The Production: This consists of the efforts that the whisky team has invested into making the whisky, and the whole package—it could be the usage of innovative or lost methods, or premium materials for the bottling or packaging. This may also involve collaborations with designers or artists.
The Whisky: The age and development of the whisky are key here. It could be a whisky that has laid down for more than 50 years before realising its potential, or a single cask that has exceptional development amongst thousands of barrels ageing in the warehouse. “Either way, it must be identified as one of exceptional quality and development,” James says. “It could also be ultra-rare and of limited production.”
The Demand: The rating and impressions by consumers and experts alike who have tasted it might affect the whisky’s valuation, and consequently, the supply and demand ratio, and the price.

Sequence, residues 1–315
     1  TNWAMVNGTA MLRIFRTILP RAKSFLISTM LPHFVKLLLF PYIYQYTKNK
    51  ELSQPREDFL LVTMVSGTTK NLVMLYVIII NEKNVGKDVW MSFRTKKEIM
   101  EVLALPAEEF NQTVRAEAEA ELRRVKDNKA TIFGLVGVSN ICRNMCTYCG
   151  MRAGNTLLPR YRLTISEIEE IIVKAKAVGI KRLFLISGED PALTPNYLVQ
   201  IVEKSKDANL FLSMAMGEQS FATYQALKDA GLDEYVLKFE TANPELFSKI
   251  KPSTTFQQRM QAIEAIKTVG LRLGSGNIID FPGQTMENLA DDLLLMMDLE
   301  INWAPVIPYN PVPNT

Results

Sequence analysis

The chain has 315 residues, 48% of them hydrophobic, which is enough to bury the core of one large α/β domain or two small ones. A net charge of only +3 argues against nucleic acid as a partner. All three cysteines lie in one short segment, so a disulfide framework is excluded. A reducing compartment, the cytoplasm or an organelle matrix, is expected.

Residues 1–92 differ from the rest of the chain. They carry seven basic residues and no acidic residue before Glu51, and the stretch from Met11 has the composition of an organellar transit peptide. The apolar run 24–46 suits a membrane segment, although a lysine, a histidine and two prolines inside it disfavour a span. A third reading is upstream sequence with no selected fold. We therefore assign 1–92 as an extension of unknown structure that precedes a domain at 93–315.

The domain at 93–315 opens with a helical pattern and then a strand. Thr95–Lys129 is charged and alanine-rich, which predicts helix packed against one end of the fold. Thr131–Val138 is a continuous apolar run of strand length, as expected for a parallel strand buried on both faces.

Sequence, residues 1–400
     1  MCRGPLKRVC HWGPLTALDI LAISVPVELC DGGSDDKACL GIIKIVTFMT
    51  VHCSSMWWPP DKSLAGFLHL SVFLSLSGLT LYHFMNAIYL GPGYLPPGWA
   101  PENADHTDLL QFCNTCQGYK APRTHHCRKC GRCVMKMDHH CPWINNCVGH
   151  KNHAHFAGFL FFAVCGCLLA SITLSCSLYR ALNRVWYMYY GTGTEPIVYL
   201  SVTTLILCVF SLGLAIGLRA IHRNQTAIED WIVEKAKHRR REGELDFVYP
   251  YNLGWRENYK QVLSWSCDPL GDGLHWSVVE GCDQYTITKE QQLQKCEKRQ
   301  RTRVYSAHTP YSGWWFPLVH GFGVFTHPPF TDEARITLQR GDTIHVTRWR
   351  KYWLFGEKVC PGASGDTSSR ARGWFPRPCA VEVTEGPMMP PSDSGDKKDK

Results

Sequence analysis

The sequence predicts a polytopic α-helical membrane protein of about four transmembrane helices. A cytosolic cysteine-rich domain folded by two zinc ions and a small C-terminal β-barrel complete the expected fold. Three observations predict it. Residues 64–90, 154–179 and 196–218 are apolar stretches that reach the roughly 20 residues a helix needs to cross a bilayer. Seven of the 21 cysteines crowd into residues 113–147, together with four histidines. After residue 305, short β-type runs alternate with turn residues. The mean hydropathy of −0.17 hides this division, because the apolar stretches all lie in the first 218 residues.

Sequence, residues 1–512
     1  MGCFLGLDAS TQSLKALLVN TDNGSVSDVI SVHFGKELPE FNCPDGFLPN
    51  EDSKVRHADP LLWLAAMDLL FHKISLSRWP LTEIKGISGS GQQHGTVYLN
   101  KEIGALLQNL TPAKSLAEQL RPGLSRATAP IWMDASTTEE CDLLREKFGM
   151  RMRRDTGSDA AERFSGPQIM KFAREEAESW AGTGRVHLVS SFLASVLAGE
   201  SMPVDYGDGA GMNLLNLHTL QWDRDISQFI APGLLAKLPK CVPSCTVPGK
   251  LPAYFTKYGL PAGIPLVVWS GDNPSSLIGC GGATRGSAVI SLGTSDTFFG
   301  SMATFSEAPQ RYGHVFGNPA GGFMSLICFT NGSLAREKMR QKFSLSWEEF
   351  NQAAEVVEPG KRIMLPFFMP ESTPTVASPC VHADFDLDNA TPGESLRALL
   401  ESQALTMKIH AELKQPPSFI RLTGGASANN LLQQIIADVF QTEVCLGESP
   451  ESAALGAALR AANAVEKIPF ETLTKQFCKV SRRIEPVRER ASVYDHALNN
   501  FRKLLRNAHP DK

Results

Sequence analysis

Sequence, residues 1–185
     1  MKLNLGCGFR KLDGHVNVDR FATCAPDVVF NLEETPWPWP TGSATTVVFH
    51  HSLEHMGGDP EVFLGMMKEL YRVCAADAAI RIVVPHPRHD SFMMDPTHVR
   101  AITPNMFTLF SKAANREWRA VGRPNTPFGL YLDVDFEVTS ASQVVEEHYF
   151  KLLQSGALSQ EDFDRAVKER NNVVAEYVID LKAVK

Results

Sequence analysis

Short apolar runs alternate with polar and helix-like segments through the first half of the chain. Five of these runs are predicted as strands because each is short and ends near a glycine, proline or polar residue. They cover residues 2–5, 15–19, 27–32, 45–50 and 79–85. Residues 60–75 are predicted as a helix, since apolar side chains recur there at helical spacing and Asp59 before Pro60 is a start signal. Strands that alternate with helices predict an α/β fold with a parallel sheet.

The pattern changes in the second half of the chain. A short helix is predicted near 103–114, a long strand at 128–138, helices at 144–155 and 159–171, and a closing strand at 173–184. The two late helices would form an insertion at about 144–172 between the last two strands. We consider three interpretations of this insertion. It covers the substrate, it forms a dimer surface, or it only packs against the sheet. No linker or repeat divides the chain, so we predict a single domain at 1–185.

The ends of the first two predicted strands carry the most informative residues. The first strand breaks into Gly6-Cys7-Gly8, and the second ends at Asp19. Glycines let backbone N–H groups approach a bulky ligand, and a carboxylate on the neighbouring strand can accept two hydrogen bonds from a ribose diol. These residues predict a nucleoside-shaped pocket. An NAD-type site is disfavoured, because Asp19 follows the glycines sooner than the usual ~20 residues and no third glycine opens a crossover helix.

The Connection: If the said whisky resonates with the consumers, this emotional connection will almost always be an element that further drives the perception and enjoyment of the whisky.
“My advice would be to keep an open mind; there’s no right etiquette to it,” James says. “Take your time to savour and experience the taste, and see if you are able to identify the elements that you like. Education is definitely important in this aspect as well, as the more we understand something, the more we are able to appreciate it. This applies to whisky tasting sessions, which should never be stifling, but a platform to interact and share opinions.” However, it’s best to drink whisky from a whisky glass, which will help a whisky breathe just right without evaporating too fast, and have the correct form that helps taper the aromas and flavours gently to its taster. James personally recommends either a Copita or Tulip shaped glass or a Glencairn Whisky glass. For the more adventurous drinkers, try pairing your whisky with chocolate. “The way that whisky and chocolates react and explode in flavours on the palate are like fireworks,” James says. “You can play around with the wide range of chocolate flavours—savoury to sweet, dark to creamy—to match different whiskies.”